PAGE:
The giant hogweed is a 14 foot tall invasive plant that is covered in toxic sap can cause painful burns, scarring, and possibly even blindness. Now, officials are warning that the plant, which comes from the Caucasus mountain region of Eurasia, has been spotted in Virginia for the first time.

This means that Virginia has joined Maine, Massachusetts, Vermont, Connecticut, New York, Pennsylvania, North Carolina, Michigan, Illinois, Washington, and Oregon as states where this plant has been spotted.

This species was intentionally brought to the United States in the early 1900s by naturalists, since they thought it’s size and large flowers would look pleasing to the eye. However, they did not know that the giant hogweed produces a whopping 20,000 seeds that can fall 30 feet from the plant, making it easy for this plant to spread like wildfire.

The main way you can identify giant hogweed is by looking for purple blotches and white hairs on the stem. The giant hogweed typically grows in areas with lots of light and moist soil, as well as partially shaded areas along streams, rivers, and roads as well as in fields, forests, and yards.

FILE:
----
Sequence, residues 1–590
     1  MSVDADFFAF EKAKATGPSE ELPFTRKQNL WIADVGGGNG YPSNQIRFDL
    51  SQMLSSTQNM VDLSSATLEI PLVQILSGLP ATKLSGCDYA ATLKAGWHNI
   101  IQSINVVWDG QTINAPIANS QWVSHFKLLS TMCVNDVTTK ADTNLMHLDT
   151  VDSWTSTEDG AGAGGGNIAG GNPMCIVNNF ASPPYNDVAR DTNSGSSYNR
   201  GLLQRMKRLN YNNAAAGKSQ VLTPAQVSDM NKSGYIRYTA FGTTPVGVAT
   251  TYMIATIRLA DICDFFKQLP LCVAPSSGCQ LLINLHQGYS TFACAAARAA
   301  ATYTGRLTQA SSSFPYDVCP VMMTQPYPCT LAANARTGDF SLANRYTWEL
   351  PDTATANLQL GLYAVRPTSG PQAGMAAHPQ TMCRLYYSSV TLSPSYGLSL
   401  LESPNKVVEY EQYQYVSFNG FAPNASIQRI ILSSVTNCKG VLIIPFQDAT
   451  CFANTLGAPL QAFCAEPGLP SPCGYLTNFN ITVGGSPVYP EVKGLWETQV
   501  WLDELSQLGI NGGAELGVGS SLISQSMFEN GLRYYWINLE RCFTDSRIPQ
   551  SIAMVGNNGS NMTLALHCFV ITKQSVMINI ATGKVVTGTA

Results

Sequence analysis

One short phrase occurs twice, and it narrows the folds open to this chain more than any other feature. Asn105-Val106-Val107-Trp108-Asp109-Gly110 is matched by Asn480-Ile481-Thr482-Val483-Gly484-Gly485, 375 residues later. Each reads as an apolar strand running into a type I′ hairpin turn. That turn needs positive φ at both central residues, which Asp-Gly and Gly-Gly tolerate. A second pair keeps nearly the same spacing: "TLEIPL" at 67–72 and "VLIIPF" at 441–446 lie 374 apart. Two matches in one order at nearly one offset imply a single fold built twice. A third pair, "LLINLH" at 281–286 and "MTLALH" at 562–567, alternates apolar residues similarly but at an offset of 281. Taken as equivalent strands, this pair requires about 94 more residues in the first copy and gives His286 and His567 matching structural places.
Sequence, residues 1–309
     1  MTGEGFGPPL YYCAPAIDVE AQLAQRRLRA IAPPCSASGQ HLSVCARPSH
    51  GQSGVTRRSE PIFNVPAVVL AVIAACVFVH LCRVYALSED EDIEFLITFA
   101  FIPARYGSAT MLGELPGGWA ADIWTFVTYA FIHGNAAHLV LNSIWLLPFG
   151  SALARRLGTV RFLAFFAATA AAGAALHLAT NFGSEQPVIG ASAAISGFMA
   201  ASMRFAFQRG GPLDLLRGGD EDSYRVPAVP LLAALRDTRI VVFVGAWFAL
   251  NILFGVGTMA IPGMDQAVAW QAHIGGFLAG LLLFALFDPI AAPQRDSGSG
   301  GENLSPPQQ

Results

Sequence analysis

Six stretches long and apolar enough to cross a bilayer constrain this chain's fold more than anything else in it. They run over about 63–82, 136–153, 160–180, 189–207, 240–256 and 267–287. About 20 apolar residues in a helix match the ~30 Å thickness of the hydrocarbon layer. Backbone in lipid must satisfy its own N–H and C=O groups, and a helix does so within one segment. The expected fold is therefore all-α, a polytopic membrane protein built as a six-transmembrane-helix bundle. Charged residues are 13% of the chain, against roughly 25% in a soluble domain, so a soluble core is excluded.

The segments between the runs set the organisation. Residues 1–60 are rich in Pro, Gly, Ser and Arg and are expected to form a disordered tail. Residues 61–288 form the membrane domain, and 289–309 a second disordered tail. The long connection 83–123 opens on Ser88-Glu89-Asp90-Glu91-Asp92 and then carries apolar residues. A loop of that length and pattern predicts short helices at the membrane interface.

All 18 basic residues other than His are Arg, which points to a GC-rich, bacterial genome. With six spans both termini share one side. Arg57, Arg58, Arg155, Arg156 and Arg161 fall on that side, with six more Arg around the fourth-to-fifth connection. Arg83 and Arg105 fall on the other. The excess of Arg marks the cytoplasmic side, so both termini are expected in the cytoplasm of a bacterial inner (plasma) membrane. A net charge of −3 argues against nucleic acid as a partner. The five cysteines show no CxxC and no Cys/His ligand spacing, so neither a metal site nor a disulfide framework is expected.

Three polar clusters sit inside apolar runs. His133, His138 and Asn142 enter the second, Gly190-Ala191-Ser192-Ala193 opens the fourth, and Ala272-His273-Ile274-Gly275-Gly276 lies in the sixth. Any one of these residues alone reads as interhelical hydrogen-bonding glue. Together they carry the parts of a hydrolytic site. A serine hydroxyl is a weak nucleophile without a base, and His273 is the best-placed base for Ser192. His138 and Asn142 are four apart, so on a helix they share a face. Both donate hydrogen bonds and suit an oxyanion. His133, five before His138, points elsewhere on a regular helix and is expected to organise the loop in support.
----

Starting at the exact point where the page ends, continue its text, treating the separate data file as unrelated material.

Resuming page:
The toxic chemical in the giant hogweed is known as furanocoumarins, and it can cause severe burns when exposed to UV light from the sun.

“The more sap you touch, the greater damage it causes,” said Naja Kraus, the New York Department of Environmental Conservation’s Giant Hogweed Program Coordinator. “Once you get it on you, it makes your skin unable to protect itself from the sun.”

“It basically fuses your DNA in that area,” Kraus explained.

If you come in contact with the giant hogweed, immediately wash the affected area of your skin with soap and water. You also should cover your skin to protect it from the sun for the next few days.

“When it’s blistered, just wearing a long-sleeve shirt isn’t enough,” Kraus says. “You actually have to wrap it with an ace bandage or wear sun-protective clothing. You can’t get any UV rays on it at all.”

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